Bayern Munich 2-3 Inter Milan

Inter celebrate as Van Gaal eyes exit

March 15, 2011
By Michael Da Silva
(Archive)

Goran Pandev's late winner at the Allianz Arena proved why Inter Milan are champions of Europe - but the implications for Bayern Munich coach Louis van Gaal could be far greater than just a high-profile defeat.

Time is running out for Bayern Munich boss Louis van Gaal
GettyImagesTime is running out for Bayern Munich boss Louis van Gaal

• Bayern Munich 2-3 Inter Milan
• Cambiasso praises Inter's 'heart'

Portrayed as a lame duck by the German media, the Champions League provided Van Gaal with his only route to silverware and, now that dream has been dashed, the Dutchman's position is becoming increasingly untenable. His planned end of season departure may well be brought forward.

An incredible night in Munich saw a sumptuous game of football swing one way, then the other, and then back again in favour of an Inter side written off at various points this season.

It was Pandev who ripped off his shirt and raced towards head coach Leonardo to celebrate his 89th minute winner - and first ever Champions League goal - but the real star of the show was Wesley Sneijder.

The No. 10 made up for an anonymous first 45 minutes (135 if you count his negligible contribution at the San Siro), to become Inter's saviour with the kind of performance that inspired Inter to glory last year.

Covering every blade of grass in an sensational second-half display, Sneijder orchestrated an unlikely turnaround and scored Inter's crucial second goal, dragging the Nerrazurri kicking and screaming into the last eight.

That pivotal moment from Inter's playmaker swung the game back into the reigning champions' favour after goals from Mario Gomez and Thomas Muller had given Bayern a 2-1 lead and cancelled out Samuel Eto'o brilliant opener.

The eventual turnaround by Inter, while unexpected for the majority of the two legs, was ultimately deserved.

Eto'o, who has scored or assisted all but two of Inter's 13 goals in the competition this season, was too hot for Bayern to handle and Esteban Cambiasso - whose contribution often goes uncredited - was resolute alongside Thiago Motta throughout both legs.

Julio Cesar, who decided to walk home from the San Siro after his howler gifted Gomez his winner, may have been forced to hitch a ride home by his team-mates had Pandev not got them out of the dog house, as another blunder had allowed Gomez to score once again in Germany.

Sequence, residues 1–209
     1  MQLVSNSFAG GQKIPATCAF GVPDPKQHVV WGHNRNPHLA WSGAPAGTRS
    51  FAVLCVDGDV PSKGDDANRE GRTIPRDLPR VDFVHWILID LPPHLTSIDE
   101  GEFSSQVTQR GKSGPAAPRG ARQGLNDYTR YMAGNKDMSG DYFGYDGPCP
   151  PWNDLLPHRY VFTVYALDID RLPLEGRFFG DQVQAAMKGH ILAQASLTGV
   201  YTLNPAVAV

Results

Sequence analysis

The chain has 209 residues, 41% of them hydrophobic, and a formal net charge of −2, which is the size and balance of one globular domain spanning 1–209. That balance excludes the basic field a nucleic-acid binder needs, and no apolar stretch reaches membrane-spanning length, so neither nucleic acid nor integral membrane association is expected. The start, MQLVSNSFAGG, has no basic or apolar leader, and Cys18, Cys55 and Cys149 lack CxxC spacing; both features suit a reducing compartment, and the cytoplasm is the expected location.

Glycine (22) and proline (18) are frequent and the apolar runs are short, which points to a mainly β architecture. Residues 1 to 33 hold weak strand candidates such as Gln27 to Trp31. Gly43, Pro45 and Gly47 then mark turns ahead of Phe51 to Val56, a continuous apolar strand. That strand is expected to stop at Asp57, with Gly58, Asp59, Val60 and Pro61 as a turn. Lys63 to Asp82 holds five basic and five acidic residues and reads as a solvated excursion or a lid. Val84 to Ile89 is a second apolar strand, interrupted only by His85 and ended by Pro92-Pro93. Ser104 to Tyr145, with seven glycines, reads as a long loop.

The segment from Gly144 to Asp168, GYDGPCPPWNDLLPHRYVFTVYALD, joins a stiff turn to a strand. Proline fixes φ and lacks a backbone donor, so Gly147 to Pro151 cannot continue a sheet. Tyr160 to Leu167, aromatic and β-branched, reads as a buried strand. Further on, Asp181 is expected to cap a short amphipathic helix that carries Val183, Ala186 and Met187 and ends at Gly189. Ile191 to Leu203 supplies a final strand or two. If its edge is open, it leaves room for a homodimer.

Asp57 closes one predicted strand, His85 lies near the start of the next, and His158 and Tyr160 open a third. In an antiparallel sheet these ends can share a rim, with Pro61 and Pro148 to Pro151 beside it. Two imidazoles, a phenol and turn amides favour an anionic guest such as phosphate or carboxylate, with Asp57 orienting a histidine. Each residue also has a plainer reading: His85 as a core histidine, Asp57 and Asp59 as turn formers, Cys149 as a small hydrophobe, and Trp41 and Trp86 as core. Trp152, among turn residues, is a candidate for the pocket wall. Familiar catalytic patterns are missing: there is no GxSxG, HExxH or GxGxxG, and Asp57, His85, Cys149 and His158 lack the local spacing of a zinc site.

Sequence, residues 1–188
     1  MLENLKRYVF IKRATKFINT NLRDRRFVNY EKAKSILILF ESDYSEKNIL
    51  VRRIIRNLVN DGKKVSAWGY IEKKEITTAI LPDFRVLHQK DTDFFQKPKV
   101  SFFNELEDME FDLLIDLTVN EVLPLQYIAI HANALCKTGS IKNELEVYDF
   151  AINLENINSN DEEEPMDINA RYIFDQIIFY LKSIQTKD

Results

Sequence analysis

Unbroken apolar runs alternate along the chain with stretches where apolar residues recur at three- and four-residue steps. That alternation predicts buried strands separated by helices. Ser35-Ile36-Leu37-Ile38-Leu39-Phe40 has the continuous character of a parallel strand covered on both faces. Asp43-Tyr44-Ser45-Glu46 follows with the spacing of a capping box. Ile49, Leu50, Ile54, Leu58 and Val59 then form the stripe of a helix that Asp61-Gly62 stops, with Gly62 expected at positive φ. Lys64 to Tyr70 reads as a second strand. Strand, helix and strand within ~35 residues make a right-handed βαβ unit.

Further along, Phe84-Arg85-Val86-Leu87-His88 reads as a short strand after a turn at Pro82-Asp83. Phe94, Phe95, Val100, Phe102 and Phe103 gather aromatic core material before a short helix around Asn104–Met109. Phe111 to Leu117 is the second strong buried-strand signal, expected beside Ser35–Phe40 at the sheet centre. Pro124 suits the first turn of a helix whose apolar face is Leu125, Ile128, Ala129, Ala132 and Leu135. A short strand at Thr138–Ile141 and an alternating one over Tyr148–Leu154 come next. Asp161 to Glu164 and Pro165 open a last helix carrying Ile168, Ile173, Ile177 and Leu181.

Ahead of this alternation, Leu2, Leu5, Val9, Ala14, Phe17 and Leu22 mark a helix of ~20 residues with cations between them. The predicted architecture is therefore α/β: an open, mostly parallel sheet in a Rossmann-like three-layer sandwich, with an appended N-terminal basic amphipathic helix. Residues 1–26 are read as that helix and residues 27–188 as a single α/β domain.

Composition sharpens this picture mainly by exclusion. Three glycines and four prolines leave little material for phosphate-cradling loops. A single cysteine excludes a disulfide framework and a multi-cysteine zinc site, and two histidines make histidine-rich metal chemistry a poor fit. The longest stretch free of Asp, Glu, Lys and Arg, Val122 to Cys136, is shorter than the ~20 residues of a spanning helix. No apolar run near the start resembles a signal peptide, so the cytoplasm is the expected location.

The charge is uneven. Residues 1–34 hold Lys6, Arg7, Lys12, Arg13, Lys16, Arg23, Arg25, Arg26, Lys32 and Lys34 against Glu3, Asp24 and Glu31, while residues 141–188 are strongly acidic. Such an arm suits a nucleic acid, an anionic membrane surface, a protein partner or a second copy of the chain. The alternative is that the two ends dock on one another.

But moments like these will be forgotten now that Inter are one step closer to Wembley.

This season's Champions League has seen fearless football rewarded in the shape of Barcelona and Tottenham and, while Bayern remain one of the most exciting attacking teams on the continent, their inability to kill off this match has cost Van Gaal dear.

When the score was 2-1 in favour of Bayern, Muller, Gomez and Franck Ribery were all guilty of glaring misses, before the Germans were ambushed in brutal style.

As Leonardo dusted himself off after being mobbed by his players, a show of solidarity rarely seen under the previous management, his opposite number Van Gaal applauded the home support as he trudged towards the tunnel. Perhaps for the last time.

Van Gaal's abrasive style of management may not have made him the most popular man at Bayern, but his record prior to this season was difficult to query given that he was within touching distance of the Treble last season.

But pressure had been mounting on Van Gaal for some time following criticism of his autocratic approach. Former Bayern stars Luca Toni, Mark van Bommel and Lucio were less than complimentary about the coach before their respective departures.

Inter Milan goalscorer Wesley Sneijder takes a freekick
GettyImagesInter Milan goalscorer Wesley Sneijder takes a freekick

Indeed, Toni was particularly unimpressed with the Dutchman's methods of man management.

"Van Gaal simply didn't want to work with me, he treats players like interchangeable objects," said the Italian following his return to Serie A with Genoa. "The coach wanted to make clear to us that he can drop any player because, as he said, he had the balls. He demonstrated this literally. I have never experienced anything like it, it was totally crazy."

Van Gaal's unorthodox behaviour was also called into question by Ribery, who has not always seen eye-to-eye with his boss. The Frenchman said last week that he is playing with more freedom now that he knows the former Ajax and Barcelona boss is on his way.

But the decision to sack Van Gaal in slow-motion could become a farce if Bayern president Uli Hoeness fails to bring some much-needed stability to a club in danger of missing out on next season's Champions League.

The palatial setting of the Allianz Arena will host next year's final, but there is a very real chance that Bayern will be contesting the Europa League instead.

Van Gaal recently said that he wanted to leave the club with dignity and honour and, having snatched defeat from the jaws of victory, the pressure on him may see him walk before the end of the season.